Respondents to a public consultation were in favor of creating a transparency register on foreign influence, but stressed the need to clarify how it would work, the federal government said on Friday.
A recently published summary of the consultation states that participants wanted a register that appropriately defined who should register and clarified what fell within the scope of activities covered.
Following a wave of media reports about allegations of foreign interference, Public Safety Canada announced a consultation in March on how Canada could implement a foreign influence transparency registry.
States can intervene to advance foreign political goals and employ people to act on their behalf without revealing their ties to the foreign state.
Some believe that requiring these people to officially register with the government they are trying to influence, with the possibility of fines or even prison time for non-compliance, can make these transactions more transparent.
The consultation summary, released on Friday, said respondents supported financial and criminal sanctions, as well as “adequate enforcement capabilities” to ensure compliance.
They also stressed that a register should, wherever possible, avoid excessive administrative burden for registrants, the summary adds.
Although those surveyed “were mostly in favor” of creating a registry, many said it was just one tool to counter foreign interference.
The summary report is an overview of comments from more than 1,000 online respondents and more than 80 key stakeholder groups, as well as public comments in Canadian media.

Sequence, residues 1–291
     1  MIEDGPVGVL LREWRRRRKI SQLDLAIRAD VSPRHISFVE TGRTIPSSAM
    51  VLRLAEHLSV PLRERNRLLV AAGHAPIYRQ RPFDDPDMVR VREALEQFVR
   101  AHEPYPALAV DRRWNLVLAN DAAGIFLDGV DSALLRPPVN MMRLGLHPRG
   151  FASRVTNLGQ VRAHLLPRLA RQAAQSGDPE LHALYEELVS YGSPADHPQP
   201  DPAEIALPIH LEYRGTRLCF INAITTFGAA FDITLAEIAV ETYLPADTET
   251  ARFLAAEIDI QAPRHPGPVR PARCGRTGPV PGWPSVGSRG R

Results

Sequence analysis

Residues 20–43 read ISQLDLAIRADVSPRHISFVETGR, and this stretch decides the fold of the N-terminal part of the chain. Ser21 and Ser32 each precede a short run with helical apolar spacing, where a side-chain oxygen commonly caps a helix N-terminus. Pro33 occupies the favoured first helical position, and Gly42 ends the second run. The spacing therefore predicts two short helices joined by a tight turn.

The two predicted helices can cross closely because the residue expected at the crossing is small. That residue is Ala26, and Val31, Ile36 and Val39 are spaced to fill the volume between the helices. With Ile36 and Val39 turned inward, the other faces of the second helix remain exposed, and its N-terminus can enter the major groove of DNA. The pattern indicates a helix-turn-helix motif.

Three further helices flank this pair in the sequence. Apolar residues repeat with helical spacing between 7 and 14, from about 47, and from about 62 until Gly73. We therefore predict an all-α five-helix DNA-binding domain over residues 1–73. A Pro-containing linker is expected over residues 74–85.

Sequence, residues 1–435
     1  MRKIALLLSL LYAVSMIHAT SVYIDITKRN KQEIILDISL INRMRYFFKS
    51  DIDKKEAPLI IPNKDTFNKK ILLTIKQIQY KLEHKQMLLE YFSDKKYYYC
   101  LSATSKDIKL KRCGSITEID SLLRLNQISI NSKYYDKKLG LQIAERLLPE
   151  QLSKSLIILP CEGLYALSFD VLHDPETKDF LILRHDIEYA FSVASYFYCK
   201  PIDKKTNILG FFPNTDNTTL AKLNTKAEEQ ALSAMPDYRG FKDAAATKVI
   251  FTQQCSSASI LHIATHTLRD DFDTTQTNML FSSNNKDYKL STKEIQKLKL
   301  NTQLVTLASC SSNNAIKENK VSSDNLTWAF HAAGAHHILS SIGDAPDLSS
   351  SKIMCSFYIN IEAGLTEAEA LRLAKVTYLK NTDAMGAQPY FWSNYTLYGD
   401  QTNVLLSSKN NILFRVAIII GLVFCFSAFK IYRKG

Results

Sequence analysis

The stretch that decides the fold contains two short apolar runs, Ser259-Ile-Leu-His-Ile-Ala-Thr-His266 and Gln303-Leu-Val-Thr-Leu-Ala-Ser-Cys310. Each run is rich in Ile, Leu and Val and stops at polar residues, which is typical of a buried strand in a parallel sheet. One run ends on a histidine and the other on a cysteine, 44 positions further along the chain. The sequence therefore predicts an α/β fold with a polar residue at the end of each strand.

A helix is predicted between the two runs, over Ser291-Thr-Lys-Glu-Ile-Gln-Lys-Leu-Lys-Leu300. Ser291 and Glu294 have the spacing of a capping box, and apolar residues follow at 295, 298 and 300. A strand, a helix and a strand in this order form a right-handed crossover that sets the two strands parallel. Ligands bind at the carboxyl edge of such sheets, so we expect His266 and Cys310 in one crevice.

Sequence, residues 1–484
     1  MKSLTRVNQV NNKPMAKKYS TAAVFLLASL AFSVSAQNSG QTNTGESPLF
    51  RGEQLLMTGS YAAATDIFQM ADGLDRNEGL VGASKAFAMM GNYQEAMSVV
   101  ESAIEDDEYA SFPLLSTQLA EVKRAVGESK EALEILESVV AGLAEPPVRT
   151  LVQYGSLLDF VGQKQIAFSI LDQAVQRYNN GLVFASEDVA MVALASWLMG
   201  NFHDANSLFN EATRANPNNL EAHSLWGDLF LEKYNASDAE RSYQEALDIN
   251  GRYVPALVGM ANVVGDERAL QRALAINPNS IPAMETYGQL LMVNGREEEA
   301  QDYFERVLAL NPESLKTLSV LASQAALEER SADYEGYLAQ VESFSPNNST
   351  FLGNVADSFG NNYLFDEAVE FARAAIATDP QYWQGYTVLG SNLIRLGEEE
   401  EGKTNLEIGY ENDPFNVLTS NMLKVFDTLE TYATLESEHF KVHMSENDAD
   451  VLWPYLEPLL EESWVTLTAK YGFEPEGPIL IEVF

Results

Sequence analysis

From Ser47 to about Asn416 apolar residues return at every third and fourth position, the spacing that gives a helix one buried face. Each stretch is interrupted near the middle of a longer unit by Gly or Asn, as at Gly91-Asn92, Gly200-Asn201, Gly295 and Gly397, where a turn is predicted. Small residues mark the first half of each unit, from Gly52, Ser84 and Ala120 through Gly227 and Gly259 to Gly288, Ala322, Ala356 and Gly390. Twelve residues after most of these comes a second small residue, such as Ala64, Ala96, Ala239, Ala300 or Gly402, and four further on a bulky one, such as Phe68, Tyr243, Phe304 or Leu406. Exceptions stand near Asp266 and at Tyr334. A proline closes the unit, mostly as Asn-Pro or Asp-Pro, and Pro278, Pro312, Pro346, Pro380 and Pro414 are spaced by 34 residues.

The summary said stakeholders urged the government to undertake “structural and cultural reform” and other legislative amendments in the area of national security, continue its outreach program to communities threatened by foreign interference and to allocate additional resources for the enforcement of existing legislation against foreign interference. .
In fashion now
With a view to other measures, the government announced Friday that it was beginning new consultations on possible amendments to the Canadian Security Intelligence Service Act, which governs Canada’s spy services, as well as to the Criminal Code, the Security of Information Act and the Canada Evidence Act. .
“Engaging with individuals and communities most affected by threats of foreign interference is essential to ensure that a broad range of perspectives and expertise are considered when developing measures reinforced,” the government said in a statement.
It is accepting submissions online until February 2 via a consultation web page.
“In addition to online public consultations, the government will also seek input from experts, stakeholders and community groups through roundtable discussions over the coming weeks and months.
As the threat of foreign interference evolves, Canada’s response must also evolve, the statement added.
“The Government of Canada continues to consider new and innovative ways to improve measures currently in place and explore new approaches to keep pace with the evolving threat environment.
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